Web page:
IT is one of the remotest parts of Scotland that has suffered years of depopulation. But a small Highland community has surprisingly rejected the chance to buy a stunning estate and re-populate it – even though it had the last minute offer of £1 million from a mystery millionaire.

Killundine Estate in Morvern is a stunning but uninhabited wilderness, but the people’s purchase was facing an uphill battle to raise £1.45m by today.

Locals attempting to buy the land, which stretch from the shores of the Sound of Mull to more than 1,800 feet at the summit of Sithean na Raplaich, looking over the Barr River and Loch Teacuis, had been awarded £1m by the Scottish Land Fund, but faced the big shortfall.

They want to stop more properties in the area being turned into holiday homes. But they faced a race against time to find the money.

However, a ballot of the surrounding community yesterday voted 142 to 103 against the buyout – meaning the deal fell through.

Alasdair Firth, from Morvern Community Woodlands, the group behind the project, said he had been “hopeful” it would raise the £2.45m purchase price by the deadline, but later admitted he was “disappointed” at the ballot vote.

“We will not be taking the purchase forward. We were in negotiation with a donor who had offered around £1m and we were hopeful he would make up the shortfall on the remaining amount of the purchase price by means of a loan.

“We have also had the offer from another donor to match every £1 raised through our crowdfunder up to a total of £100,000.

“It’s very hard for people who live here to afford to buy a house. It’s difficult for people to compete with this house market, where prices are so high.

“There’s a critical mass of people that you need to have all the services the community wants to have and need, and we are getting to a point where we are losing that.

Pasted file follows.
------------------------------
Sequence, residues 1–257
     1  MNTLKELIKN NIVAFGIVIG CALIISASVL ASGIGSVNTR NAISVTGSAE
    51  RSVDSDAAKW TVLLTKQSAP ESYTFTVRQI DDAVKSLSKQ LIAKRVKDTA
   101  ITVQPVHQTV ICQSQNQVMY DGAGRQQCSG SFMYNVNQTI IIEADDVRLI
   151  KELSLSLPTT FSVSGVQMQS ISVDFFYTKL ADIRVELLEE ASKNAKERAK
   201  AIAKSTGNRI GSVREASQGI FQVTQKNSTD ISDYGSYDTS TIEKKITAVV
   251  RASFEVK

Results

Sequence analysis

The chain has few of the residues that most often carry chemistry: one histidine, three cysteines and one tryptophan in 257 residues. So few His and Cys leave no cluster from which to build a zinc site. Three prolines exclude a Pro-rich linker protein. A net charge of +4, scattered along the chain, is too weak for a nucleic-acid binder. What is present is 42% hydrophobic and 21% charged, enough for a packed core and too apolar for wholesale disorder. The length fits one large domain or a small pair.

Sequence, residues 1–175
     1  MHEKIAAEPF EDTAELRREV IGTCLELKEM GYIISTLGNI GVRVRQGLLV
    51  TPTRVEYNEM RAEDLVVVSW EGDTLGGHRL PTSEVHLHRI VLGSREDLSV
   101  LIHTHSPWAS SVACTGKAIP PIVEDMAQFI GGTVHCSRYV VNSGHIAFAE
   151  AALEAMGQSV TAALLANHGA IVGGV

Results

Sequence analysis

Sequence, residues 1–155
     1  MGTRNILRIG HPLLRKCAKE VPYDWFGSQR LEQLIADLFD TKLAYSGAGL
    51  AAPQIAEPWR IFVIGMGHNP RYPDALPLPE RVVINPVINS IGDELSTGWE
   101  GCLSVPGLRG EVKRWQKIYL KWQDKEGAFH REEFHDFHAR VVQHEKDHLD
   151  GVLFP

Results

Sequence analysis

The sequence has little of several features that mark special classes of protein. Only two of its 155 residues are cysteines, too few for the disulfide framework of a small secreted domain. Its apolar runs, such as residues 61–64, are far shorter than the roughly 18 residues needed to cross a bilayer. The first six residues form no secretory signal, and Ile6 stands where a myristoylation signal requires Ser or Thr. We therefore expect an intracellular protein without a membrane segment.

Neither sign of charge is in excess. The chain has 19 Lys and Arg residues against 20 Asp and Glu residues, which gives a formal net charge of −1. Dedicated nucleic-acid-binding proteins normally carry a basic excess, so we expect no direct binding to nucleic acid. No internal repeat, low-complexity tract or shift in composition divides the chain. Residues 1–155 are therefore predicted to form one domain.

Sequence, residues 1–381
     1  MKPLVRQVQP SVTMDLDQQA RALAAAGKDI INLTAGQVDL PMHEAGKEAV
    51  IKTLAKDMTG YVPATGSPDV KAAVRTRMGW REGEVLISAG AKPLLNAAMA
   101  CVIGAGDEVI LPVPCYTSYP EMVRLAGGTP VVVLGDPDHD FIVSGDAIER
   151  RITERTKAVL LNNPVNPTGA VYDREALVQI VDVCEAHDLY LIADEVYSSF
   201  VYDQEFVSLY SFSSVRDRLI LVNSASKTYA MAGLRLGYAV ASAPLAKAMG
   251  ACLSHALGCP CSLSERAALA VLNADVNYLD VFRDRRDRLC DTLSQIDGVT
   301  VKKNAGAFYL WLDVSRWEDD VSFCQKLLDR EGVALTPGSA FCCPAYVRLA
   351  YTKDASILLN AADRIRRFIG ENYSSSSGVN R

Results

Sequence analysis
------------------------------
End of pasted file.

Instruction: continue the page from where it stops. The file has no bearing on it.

“The estate could be used by local people to live in. We want all these buildings redeveloped, with people living and working. We hope the people that are here and want to stay can stay.”

With fewer families arriving, the school roll has dropped in recent years. Where it once stood at 25, this year only 11 children will attend.

Keith Adams, Lochaline Primary School head teacher, said: “We had a family in recently, the first we’ve had into the area for two or three years – it used to be revolving doors here.

“That’s stopped and I can only put that down to the affordable housing.

“I always see the school as the heart of the community and we try to be that, so if the school becomes smaller and smaller, then the heart of the community becomes smaller.”

Jeremy Leggett, former Greenpeace director and solar power entrepreneur, donated £17,000 towards the potential purchase of Killundine.

He recently bought Bunloit Estate, near Loch Ness, to pursue his “wildland” vision and create local jobs.

He has suggested non-Scots who buy large properties and land should pay a supplementary tax to directly support communities such as Morvern in their land ownership aims.

The main hold-up in the buyout had been a bureaucratic delay in awarding buyout group MCW charitable status – which would trigger a number of potential funding sources. The group only became a charity this week.

The MCW’s £2.7m bid to the Scottish Land Fund also included money to pay administration and development costs on top of the estate purchase price.

The 6000-acre estate is owned by brother and sister Roderick and Althea Lauder. Their family has run it for around 50 years.

It is now likely to go on the open market.

Veronique Walraven, chairwoman of MCW, said previously: “Morvern is a fragile community with an ageing population and a falling school roll.

Among other things, our plans for Killundine will bring business and housing prospects for young families.”

Killundine Estate is made up of hill ground that supports grazing for deer, pastures, conifer plantation and ancient semi-natural Atlantic hazel woodland.

MCW’s plans included a proposal to create crofts, as well as harvesting timber, restoring estate buildings, regenerating native woodland and restoring peatlands.